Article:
By Qeerransoo Biyyaa*
Top – from left to right: Dr. Fido Ebba, OLF; Dr. Merera Gudina, OPC and Medrek; Obbo Abduljalil Abdella, COPLF;
Dr. Ezekiel Gebissa, Kettering University – Assistant Professor.
Bottom – from left to right: Obbo Hassan Hussein, OLF; Rev. Dr. Gemechis Buba, Oromo Evangelical Churches;
Obbo Abrahim Abaye, OLF; Dr. Asafa Jalata, University of Tennessee – Associate Professor.
Mr. Robsan Itana, Chairman of OACC
“There is no Ethiopia without Oromia, yet the empire continues to oppress the Oromo people,” said a group composed of prominent Oromo political, religious and academic leaders at an international conference on human rights organized by the Oromo-American Citizens’ Council (OACC), a Minnesota civil society organization established to raise awareness and to advocate against human rights abuses in Ethiopia on behalf of an estimated population of 15,000 Oromo living in the State of Minnesota.
“Justice for Oromo people is a question of access to state power and the exercise of equitable power,” said Rev. Dr. Gemechis Buba, president of the Worldwide Union of Oromo Evangelical Churches.
Rev. Dr. Gemechis Buba said there was no war in which Ethiopia did not participate. Apart from its internal internecine wars, he said Ethiopia participated in the Colonial War, the World Wars, the Korean War, the Cold War, the Ethio-Eritrean War, and the Darfur War and the Somalia War. He stressed that most of the leaders of Ethiopia were deposed and killed, and there has never been a peaceful transition to power in the country as result of a long-standing belligerent culture of Ethiopian ruling groups.
The Reverend pleaded with Oromo political groups about the dire need for a shift in paradigm in the Oromo national movement. He said because tens of ethnic groups shared long-stretching borders with Oromia, an independent Oromia would be infeasible as that would lead to the demise of Ethiopia as we know it, hampering the security and economic development of future Oromia.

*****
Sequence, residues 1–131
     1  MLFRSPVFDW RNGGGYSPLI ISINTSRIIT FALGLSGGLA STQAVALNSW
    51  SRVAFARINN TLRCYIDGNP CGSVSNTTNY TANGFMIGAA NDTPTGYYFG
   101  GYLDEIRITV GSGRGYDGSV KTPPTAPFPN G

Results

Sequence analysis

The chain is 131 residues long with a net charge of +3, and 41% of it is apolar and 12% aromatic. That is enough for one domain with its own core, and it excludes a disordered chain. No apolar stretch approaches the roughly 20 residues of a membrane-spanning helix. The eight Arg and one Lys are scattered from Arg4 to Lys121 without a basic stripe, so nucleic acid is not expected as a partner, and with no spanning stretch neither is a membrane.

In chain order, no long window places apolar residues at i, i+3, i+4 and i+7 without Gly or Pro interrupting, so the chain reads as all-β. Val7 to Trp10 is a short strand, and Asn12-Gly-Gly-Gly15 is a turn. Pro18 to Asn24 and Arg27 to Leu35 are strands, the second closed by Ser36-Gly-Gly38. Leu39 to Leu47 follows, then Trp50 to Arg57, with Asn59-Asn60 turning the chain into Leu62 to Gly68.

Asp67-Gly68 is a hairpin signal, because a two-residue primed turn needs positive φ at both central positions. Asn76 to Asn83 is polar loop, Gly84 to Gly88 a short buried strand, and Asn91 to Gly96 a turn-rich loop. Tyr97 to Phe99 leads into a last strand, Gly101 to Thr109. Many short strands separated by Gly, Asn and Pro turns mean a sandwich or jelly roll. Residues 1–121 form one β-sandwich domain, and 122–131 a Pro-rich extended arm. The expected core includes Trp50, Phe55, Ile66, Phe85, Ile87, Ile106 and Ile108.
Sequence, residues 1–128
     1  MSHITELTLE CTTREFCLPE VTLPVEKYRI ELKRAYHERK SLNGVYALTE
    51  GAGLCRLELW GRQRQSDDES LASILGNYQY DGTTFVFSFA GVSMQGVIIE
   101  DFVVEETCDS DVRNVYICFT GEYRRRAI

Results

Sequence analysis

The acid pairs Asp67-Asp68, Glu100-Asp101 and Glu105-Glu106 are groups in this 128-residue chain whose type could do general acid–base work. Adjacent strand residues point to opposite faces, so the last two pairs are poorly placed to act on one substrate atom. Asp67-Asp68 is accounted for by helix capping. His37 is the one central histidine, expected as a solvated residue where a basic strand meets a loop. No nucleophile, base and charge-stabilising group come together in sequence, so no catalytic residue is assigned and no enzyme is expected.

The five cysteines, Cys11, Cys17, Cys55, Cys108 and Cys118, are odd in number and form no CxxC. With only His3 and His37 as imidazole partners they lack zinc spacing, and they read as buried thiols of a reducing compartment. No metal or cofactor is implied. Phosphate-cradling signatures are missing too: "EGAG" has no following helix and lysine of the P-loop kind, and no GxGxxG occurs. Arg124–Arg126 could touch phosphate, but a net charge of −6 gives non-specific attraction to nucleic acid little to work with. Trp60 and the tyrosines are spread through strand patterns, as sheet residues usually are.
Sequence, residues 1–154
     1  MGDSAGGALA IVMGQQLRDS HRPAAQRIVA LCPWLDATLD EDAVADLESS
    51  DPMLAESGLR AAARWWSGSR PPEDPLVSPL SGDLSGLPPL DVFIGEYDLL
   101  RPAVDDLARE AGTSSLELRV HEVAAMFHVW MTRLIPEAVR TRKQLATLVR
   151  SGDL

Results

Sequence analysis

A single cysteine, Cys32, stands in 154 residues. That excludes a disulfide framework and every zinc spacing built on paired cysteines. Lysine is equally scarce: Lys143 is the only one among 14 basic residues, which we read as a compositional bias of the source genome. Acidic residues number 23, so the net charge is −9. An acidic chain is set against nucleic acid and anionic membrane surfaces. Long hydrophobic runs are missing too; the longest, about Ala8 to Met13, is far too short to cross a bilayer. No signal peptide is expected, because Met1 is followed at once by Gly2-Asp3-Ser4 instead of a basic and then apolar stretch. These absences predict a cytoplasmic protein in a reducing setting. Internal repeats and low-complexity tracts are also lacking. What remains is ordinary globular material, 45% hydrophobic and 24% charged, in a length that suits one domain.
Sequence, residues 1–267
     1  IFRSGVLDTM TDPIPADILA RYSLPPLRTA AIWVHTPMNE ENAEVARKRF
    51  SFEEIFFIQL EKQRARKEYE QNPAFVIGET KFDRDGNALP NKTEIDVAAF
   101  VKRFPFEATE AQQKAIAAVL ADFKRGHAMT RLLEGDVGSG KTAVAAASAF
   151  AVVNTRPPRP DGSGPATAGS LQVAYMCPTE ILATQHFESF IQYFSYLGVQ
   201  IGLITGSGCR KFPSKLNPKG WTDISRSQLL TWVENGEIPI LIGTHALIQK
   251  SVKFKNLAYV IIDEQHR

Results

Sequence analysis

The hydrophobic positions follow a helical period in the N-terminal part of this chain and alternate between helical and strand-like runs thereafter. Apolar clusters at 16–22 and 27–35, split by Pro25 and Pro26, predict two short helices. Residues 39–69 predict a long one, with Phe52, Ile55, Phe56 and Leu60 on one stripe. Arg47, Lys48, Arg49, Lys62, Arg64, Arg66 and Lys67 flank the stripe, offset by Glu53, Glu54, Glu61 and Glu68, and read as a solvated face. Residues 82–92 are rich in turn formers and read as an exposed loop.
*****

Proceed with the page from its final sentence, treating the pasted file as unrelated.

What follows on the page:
Dr. Merera Gudina, Chairman of the Oromo People’s Congress and leader of the main Ethiopian opposition coalition Medrek, spoke metaphorically, saying that there were many ways to “heaven.” He called on Oromo elites to unite and cooperate, or desist from rivalry where there were disagreements on political programs and methods for achieving freedom for the Oromo people.
Dr. Gudina expressed that he would rather do something by participating in the May 2010 Ethiopian legislative elections than give up everything to the “almighty” ruling party and merely complain about national repressions.
“Mobilizing the Oromo people without clear action-plan and unity of Oromo political groups will expose Oromos to dangers and killings like it did in the 1990s,” warned Rev. Dr. Gemechis Buba.
Another panelist, Dr. Fido Ebba of the Oromo Liberation Front, blamed the U.S. for its continued support for the current Ethiopian government, including for allegedly providing military training to the Ethiopian Army, despite Ethiopia’s disturbing human rights records.
Some of the panelists made the case for the need for a paradigm shift in the Oromo national movement toward a struggle for an all-inclusive multinational democracy and genuine federalism or self-administration of regional states in Ethiopia.
However, it remains to be seen if the right-wing conservative Ethiopians and the ruling government reach out to and embrace the Oromo people as much as the Oromo elites at this human rights gathering did.